Indian Navy’s submarine-building plans struggle to gain speed

Indian Navy has just seven submarines that are battle ready at any given time

vagir launch The Vagir at Mazagon Dock; a Visakhapatnam class destroyer can also be seen alongside | Twitter handle of Indian Navy

A day before Diwali, the Indian Navy's fifth Scorpene class submarine, named Vagir, was launched at the Mazagon Dock in Mumbai on Thursday. Vagir, part of the six Kalvari class submarines being built in India, is equipped with stealth features like the advanced acoustic absorption technique.

But the Navy’s fleet of attack submarines, all diesel powered, has dwindled from an awesome 21 in the 1980s to just 15 at present. Worse still, at least half of the available submarines are old and creaking, and undergoing mid-life upgrade. It means the Indian Navy has just seven submarines that are battle ready at any given time, against 65 submarines operated by the Chinese navy.

Though India has the largest coastline of 7,516 km among any other maritime state with its blue water navy ambitions, its underwater capability is nowhere close to its needs. Ideally, the Indian Navy needs at least 24 submarines to meet its 30-year submarine-building plan, which was approved by the cabinet committee on security in 1999, months after the Kargil conflict.

The plan was to induct 12 diesel submarines by 2012 and another 12 submarines by 2030, but repeated delays forced the Navy to rejig the plan.

Named after the Sand Fish, a deadly deep sea predator, Vagir will take a year to formally join the Indian Navy's underwater fleet after comprehensive trials. The third and fourth submarines of the Scorpene class are yet to complete their sea trials. The submarine can operate at a depth of 300 metres underwater and travel 1,020km underwater. It can carry and fire 18 torpedoes and tube-launched anti-ship missiles underwater or from the surface.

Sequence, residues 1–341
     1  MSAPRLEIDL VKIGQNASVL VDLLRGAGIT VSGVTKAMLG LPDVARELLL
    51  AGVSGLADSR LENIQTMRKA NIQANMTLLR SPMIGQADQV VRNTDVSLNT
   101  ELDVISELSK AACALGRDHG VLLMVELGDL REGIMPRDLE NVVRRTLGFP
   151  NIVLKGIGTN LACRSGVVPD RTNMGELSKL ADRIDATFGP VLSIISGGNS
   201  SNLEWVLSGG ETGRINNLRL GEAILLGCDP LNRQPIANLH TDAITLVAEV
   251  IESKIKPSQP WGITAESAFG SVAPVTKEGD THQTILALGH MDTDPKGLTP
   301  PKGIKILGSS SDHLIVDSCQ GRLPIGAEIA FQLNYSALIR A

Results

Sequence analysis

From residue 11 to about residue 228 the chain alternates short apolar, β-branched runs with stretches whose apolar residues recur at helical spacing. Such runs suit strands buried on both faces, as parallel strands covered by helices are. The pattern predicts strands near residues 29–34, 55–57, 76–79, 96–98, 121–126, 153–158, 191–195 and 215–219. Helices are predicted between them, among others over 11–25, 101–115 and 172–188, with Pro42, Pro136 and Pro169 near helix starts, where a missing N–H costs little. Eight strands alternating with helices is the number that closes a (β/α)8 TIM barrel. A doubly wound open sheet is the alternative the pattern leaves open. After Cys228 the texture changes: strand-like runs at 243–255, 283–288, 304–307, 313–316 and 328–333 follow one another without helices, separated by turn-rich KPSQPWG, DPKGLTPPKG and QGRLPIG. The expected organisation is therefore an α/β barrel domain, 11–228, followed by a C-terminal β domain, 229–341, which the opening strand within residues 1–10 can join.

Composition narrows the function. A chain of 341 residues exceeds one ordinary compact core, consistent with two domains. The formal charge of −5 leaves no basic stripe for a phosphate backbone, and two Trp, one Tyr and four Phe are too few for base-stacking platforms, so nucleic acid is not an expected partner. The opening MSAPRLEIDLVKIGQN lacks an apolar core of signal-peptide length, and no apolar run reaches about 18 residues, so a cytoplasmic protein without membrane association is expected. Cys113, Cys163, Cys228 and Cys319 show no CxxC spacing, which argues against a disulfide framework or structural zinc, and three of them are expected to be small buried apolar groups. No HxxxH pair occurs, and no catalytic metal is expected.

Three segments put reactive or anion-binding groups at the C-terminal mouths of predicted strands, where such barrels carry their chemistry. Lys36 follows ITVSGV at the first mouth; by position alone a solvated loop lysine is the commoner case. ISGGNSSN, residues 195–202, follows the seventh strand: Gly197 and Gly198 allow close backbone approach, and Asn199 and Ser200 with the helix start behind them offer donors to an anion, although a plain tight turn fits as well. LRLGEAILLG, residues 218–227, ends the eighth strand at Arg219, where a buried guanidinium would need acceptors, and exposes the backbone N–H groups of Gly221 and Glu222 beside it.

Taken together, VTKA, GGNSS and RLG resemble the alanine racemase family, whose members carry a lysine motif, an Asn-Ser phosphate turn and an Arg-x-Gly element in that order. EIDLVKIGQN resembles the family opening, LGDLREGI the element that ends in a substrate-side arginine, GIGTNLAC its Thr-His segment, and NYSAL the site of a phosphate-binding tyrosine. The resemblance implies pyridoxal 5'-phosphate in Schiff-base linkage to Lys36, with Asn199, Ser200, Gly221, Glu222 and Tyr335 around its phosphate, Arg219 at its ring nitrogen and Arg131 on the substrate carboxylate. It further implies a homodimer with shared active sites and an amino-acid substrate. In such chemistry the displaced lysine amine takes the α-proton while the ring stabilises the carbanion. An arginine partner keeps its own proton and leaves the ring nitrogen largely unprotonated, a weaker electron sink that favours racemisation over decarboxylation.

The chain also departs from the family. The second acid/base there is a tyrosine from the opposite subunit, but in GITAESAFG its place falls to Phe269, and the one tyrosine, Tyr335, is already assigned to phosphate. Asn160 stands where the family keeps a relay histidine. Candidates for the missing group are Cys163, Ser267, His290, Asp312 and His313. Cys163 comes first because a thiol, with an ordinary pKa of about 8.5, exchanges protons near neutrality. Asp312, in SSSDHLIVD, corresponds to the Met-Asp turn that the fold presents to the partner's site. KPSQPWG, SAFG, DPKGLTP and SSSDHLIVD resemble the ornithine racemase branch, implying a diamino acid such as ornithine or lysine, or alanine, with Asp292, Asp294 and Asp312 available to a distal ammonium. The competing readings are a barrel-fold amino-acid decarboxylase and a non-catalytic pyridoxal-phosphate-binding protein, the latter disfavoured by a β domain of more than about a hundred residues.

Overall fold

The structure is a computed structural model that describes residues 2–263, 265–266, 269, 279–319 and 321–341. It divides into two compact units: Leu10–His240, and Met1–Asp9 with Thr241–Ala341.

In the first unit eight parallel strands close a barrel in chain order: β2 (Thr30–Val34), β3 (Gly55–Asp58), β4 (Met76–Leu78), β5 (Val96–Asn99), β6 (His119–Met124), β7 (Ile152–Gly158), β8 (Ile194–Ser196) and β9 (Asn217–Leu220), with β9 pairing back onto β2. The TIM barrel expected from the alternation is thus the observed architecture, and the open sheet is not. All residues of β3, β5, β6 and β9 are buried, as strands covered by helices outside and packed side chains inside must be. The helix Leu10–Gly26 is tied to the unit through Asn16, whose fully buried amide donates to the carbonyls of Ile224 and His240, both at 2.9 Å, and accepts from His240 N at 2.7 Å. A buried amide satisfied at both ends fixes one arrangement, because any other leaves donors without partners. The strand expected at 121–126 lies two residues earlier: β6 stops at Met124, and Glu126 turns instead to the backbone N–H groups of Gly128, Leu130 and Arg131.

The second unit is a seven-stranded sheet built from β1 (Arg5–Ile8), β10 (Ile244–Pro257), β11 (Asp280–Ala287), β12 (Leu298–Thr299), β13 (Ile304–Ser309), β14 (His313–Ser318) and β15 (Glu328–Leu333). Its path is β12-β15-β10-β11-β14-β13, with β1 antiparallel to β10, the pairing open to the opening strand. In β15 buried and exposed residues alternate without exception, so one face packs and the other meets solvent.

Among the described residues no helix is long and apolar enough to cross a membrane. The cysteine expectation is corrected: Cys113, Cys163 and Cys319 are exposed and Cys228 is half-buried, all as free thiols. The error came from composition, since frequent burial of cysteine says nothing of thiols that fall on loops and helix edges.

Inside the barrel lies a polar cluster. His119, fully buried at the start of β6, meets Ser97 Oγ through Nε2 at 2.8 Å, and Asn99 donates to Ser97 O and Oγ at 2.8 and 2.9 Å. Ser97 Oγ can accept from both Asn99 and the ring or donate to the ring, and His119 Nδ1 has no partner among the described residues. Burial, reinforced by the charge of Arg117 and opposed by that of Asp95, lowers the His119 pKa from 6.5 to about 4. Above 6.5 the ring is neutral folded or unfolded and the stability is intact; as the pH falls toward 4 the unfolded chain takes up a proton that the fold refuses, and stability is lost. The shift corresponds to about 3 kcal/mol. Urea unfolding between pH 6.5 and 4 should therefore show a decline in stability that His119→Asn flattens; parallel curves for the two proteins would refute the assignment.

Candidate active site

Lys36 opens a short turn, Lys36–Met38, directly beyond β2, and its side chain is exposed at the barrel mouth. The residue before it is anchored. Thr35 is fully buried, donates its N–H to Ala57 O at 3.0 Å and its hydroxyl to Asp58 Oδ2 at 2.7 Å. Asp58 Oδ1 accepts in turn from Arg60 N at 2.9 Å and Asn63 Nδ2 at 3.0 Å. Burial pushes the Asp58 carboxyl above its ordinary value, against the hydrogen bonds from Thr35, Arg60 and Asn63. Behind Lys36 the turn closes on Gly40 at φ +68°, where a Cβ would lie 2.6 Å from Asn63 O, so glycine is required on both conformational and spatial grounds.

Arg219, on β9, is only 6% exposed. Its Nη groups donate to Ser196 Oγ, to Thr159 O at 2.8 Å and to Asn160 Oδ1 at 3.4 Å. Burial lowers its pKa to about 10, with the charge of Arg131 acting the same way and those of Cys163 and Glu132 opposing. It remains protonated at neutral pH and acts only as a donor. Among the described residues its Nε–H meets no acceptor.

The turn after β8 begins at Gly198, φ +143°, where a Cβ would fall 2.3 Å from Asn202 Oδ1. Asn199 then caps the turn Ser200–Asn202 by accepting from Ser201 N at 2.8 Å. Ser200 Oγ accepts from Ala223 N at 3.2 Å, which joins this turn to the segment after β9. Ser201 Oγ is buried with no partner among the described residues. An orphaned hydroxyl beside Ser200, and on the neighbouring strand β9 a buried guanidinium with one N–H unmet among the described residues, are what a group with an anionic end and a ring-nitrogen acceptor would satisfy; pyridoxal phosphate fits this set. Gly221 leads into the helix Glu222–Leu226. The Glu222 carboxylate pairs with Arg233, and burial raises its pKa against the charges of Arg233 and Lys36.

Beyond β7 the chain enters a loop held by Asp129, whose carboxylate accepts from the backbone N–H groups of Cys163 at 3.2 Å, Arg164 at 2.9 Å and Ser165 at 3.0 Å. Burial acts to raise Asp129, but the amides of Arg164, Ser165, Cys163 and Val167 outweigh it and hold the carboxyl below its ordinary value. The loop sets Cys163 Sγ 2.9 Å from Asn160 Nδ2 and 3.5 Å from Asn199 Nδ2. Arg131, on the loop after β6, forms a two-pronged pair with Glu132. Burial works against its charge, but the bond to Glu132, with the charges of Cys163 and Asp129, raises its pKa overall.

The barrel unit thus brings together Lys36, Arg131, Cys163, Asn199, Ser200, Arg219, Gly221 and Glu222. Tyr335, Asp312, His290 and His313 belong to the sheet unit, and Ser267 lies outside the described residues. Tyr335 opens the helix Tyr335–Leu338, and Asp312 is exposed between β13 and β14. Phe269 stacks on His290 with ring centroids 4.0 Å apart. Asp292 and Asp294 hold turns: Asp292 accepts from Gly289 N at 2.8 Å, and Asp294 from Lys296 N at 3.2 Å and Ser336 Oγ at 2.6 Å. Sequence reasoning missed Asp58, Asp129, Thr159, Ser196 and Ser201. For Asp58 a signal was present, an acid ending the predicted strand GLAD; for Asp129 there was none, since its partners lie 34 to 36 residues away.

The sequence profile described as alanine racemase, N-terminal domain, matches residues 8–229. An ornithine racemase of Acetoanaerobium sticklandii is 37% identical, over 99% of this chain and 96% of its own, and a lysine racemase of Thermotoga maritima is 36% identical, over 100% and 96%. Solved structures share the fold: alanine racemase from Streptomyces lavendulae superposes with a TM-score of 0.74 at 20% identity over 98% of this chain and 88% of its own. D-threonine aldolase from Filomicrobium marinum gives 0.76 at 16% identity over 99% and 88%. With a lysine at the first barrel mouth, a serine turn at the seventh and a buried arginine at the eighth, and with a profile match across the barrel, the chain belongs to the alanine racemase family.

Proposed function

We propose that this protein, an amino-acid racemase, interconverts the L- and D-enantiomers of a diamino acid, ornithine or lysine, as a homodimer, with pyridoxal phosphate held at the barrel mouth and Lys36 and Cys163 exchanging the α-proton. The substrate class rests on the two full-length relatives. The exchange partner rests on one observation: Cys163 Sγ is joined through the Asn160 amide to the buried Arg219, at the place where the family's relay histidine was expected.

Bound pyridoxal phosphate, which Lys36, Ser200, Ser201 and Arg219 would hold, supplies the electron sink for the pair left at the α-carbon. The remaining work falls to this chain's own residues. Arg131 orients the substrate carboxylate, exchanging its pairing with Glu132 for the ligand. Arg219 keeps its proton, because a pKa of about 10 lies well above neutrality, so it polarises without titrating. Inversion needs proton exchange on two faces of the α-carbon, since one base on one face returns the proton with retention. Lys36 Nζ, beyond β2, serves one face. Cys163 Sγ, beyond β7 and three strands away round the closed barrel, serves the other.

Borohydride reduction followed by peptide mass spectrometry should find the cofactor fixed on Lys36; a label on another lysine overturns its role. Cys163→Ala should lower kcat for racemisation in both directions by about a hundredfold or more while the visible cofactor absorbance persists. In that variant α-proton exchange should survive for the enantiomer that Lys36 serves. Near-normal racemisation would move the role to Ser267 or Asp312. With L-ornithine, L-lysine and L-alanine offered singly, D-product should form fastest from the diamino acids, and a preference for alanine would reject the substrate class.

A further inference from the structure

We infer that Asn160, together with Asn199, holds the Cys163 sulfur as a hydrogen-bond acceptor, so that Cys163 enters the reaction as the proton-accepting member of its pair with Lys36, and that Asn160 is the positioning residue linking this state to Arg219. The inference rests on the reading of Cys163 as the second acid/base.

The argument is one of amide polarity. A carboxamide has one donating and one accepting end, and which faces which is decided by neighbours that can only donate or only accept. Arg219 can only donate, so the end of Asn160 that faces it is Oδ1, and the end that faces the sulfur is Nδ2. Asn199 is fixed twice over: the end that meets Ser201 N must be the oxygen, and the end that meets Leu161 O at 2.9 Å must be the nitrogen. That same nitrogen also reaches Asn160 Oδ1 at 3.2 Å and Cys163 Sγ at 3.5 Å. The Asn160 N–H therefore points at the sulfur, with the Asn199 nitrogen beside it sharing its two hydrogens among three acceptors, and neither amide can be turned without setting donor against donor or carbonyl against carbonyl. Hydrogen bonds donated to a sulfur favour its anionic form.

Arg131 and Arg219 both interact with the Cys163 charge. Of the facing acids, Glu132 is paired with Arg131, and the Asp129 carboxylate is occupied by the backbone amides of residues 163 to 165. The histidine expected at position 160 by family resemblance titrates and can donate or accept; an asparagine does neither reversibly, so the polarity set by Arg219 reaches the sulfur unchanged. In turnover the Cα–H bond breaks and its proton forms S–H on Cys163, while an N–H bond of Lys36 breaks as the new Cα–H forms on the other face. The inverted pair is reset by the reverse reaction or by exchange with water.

The Indian Navy, at present, operates two of the six Scorpene submarines, INS Kalvari and INS Khanderi. The Scorpene submarines were built under the Project-75 programme at a cost of around Rs. 24,000 crore.

In 2006, an agreement was signed—between the French firm Naval Group, formerly known as DCNS, and Mazagon Dock Limited—to build six Scorpene class submarines in India. The first submarine was scheduled to be delivered by 2012, but the project witnessed repeated delays. Originally, the entire project was expected to be completed by 2020.

And the next programme to build submarines was Project-75 India (Project-75I). Under this project, the Indian Navy will get six conventional submarines with better sensors and weapons and an air-independent propulsion system (AIP), all of which will be manufactured in the country. However, Project-75I is running at a snail’s pace. Earlier this year, the highest acquisition body in the ministry of defence, Defence Acquisition Council, had shortlisted Mazagon Dock and private shipbuilder Larsen & Toubro (L&T) in the race to construct six new stealth submarines with foreign collaboration under Project-75 India worth Rs 50,000 crore.

Last year, the cabinet committee on security approved a programme to build six nuclear-powered attack submarines, costing an estimated Rs 90,000 crore as an answer to Beijing’s naval might. But experts believe that the project will take at least a decade to complete.


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